Sequencing bilateral and unilateral task-oriented training versus task oriented training alone to improve arm function in individuals with chronic stroke

Sandy McCombe Waller, Jill Whitall, Toye Jenkins, Laurence S. Magder, Daniel F. Hanley, Andrew Goldberg, Andreas R. Luft

Research output: Contribution to journalArticle

Abstract

Background: Recovering useful hand function after stroke is a major scientific challenge for patients with limited motor recovery. We hypothesized that sequential training beginning with proximal bilateral followed by unilateral task oriented training is superior to time-matched unilateral training alone. Proximal bilateral training could optimally prepare the motor system to respond to the more challenging task-oriented training. Methods: Participants: Twenty-six participants with moderate severity hemiparesis Intervention: Participants received either 6-weeks of bilateral proximal training followed sequentially by 6-weeks unilateral task-oriented training (COMBO) or 12-weeks of unilateral task-oriented training alone (SAEBO). A subset of 8 COMB0 and 9 SAEBO participants underwent three functional magnetic resonance imaging (fMRI) scans of hand and elbow movement every 6 weeks. Main Outcome Measures: Fugl-Meyer Upper extremity scale, Modified Wolf Motor Function Test, University of Maryland Arm Questionnaire for Stroke, Motor cortex activation (fMRI). Results: The COMBO group demonstrated significantly greater gains between baseline and 12-weeks over all outcome measures (p = .018 based on a MANOVA test) and specifically in the Modified Wolf Motor Function test (time). Both groups demonstrated within-group gains on the Fugl-Meyer Upper Extremity test (impairment) and University of Maryland Arm Questionnaire for Stroke (functional use). fMRI subset analyses showed motor cortex (primary and premotor) activation during hand movement was significantly increased by sequential combination training but not by task-oriented training alone. Conclusions: Sequentially combining a proximal bilateral before a unilateral task-oriented training may be an effective way to facilitate gains in arm and hand function in those with moderate to severe paresis post-stroke compared to unilateral task oriented training alone.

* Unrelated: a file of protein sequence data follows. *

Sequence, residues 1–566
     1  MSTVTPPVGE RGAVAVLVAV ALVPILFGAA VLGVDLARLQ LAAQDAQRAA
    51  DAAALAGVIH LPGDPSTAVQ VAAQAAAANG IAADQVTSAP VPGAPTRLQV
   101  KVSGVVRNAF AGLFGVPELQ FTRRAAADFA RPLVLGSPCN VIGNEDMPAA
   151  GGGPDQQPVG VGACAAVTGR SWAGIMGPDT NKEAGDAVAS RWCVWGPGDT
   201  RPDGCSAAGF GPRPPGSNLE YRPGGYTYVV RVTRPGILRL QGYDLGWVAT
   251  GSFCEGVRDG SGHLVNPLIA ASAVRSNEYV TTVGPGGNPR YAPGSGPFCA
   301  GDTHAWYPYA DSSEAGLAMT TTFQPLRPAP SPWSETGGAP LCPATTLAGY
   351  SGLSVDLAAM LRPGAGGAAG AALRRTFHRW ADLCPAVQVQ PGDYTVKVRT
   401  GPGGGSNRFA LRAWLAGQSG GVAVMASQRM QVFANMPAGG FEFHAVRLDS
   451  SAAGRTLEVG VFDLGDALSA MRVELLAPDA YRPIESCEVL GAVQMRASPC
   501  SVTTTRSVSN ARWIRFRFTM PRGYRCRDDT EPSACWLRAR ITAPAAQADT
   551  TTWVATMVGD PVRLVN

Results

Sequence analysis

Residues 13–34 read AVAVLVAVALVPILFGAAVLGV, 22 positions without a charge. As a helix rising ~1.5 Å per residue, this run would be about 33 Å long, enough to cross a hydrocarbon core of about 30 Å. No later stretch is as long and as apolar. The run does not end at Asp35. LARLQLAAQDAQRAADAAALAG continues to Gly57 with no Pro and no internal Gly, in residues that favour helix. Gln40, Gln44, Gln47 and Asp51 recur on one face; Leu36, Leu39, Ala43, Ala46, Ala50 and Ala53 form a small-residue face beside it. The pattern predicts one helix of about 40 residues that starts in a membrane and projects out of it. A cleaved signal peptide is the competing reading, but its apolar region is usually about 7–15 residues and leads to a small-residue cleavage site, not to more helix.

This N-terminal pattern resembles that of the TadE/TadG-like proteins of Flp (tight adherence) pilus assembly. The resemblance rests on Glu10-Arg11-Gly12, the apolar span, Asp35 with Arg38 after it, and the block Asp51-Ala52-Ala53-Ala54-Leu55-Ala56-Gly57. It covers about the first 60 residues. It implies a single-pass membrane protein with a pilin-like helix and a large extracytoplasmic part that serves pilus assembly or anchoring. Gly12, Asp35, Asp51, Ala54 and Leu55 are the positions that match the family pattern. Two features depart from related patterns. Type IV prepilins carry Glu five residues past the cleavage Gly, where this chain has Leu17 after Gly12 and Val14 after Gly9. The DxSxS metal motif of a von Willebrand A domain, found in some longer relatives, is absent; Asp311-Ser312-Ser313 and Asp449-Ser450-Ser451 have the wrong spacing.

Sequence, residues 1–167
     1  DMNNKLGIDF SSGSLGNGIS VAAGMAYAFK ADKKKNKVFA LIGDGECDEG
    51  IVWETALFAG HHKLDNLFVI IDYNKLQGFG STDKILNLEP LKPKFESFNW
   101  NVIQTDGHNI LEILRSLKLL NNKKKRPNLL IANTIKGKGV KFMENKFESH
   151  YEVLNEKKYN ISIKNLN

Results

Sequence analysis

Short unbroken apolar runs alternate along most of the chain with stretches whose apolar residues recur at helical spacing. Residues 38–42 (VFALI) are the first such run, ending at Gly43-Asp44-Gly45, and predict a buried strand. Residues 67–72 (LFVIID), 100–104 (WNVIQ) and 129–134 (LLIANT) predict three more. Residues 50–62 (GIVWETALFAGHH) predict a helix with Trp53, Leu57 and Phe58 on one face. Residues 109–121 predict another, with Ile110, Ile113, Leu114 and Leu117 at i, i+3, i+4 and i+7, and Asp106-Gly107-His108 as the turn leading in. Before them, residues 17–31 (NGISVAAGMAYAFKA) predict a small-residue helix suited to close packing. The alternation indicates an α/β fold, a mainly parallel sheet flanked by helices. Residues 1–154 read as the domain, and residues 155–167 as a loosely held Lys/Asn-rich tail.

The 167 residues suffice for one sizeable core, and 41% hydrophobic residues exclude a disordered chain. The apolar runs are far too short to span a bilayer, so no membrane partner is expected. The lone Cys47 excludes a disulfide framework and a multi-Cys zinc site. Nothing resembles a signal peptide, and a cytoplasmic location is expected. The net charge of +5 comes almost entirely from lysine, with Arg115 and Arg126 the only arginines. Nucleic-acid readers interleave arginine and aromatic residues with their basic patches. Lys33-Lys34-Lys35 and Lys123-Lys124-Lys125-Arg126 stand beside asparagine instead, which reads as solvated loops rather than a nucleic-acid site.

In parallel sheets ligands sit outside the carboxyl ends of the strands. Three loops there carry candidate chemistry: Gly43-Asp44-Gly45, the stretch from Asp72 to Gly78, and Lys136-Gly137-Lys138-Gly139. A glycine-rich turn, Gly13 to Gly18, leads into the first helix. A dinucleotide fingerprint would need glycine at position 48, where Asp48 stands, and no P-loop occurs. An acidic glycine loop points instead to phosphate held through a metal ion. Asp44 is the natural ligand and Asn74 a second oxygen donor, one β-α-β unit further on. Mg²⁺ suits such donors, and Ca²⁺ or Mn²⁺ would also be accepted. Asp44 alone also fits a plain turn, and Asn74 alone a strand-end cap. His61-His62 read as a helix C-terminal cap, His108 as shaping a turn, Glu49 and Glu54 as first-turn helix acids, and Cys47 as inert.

Original languageEnglish (US)
Article number236
JournalBMC neurology
Volume14
Issue number1
DOIs
StatePublished - Dec 14 2014

Keywords

  • Bilateral arm training
  • Sequential training
  • Stroke
  • Upper extremity
  • fMRI

ASJC Scopus subject areas

  • Clinical Neurology

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